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Natural antidepressant: Does St. John's wort help with depression?

Depression or depressive mood is one of the most common illnesses in Germany. According to the Federal Ministry of Health, around 16-20% of people suffer from a depressive disorder at least once in their lives.

Table of contents:
  • Am I depressed? First signs of depression
  • Help for depression
  • Natural antidepressants: when and how does St John's wort work
  • Effects of St John's wort
  • Side effects and interactions of St John's wort
  • Tryptophan: Does the amino acid help against depression?

Am I depressed? First signs of depression

Listlessness, lack of joy, listlessness - am I depressed or just sad? Mood swings or sadness after setbacks are part of life. But how can I recognise whether these are perhaps the first signs of depression?

A depressive disorder usually develops gradually. For example, if it starts with a general lack of motivation, other symptoms such as loss of sleep and appetite, increased brooding, non-specific pain (e.g. headaches), tiredness and irritability can gradually develop. These early symptoms are quite unspecific and usually develop into depression over weeks or months. There does not always have to be an underlying stressful event or cause.

Help with depression

It is important to recognise a depressive disorder at an early stage, as it can then be treated effectively for the most part. However, it is not always easy to identify depression. A depressive disorder does not always lead to the typical symptoms such as low mood and listlessness, but can also express itself in anxiety or feelings of indifference.

A self-test such as the one from Deutsche Depressionshilfe can help to recognise a depressive disorder.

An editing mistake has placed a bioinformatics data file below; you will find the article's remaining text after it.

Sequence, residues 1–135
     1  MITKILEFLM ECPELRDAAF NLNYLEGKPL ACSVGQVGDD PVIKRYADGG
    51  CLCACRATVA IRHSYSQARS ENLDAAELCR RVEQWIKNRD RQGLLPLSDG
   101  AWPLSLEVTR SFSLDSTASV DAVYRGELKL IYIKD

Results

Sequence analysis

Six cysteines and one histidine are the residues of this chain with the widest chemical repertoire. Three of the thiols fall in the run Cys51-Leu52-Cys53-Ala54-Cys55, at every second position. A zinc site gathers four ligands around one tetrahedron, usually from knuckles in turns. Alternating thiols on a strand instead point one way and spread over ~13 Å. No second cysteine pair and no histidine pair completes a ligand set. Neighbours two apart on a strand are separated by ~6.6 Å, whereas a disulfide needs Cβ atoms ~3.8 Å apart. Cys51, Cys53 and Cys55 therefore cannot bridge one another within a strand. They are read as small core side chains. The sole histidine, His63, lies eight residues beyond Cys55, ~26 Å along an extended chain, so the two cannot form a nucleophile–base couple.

As a general rule, a GP should be consulted first in the event of depression. Further contact and counselling centres can be found here.

Natural antidepressants: when and how does St John's wort work? Depression is usually treated with psychotherapy and/or antidepressants. For mild and moderate cases, natural antidepressants can also help. These herbal remedies for depression have the advantage that they are usually associated with significantly fewer side effects than conventional antidepressants. St John's wort preparations (Hypericum perforatum), for example, are often used as a herbal remedy for the treatment of depressive moods and mild to moderate depression. It is also used for nervous unrest and is considered a "natural mood enhancer". Products containing St John's wort extract are available over the counter.

Effect of St John's wort

Studies show that taking St John's wort is effective for mild to moderate depression. However, products containing St John's wort extract must be taken over a longer period of time; it is not enough to take St John's wort capsules for just a few days. The ingredient hyperforin is responsible for the antidepressant effect. The substance influences the concentration of the neutrotransmitters noradrenaline, serotonin and dopamine in the brain and their receptor structures. Hyperforin also inhibits the neuronal uptake of the neurotransmitter GABA (γ-aminobutyric acid) and L-glutamate. This has a mood-enhancing effect.

Read more about the effects of St John's wort here.

Side effects and interactions of St John's wort

The advantage of St John's wort products is that they do not have the side effects of conventional antidepressants (e.g. weight gain) or these occur much less frequently. However, even herbal products are not free from side effects and interactions. When taking St John's wort, for example, skin irritations and hypersensitivity to sunlight often occur. It can also interact with other medications (e.g. blood thinners, other antidepressants or lipid-lowering drugs) and hormonal contraceptives (e.g. the contraceptive pill).

The use of St John's wort extracts should therefore be discussed with your doctor beforehand. It is generally not recommended for pregnant women, nursing mothers and children.

Tryptophan: Does the amino acid help against depression?

Another natural antidepressant is the amino acid tryptophan. Tryptophan is the precursor of the neurotransmitters serotonin and melatonin. These influence our mood and, for example, our sleep. It is therefore being discussed whether tryptophan can also be beneficial for depressive disorders. You can find out more about the amino acid and its role in metabolism in this blog post.

Sources:
https://www.bundesgesundheitsministerium.de/themen/praevention/gesundheitsgefahren/depression.html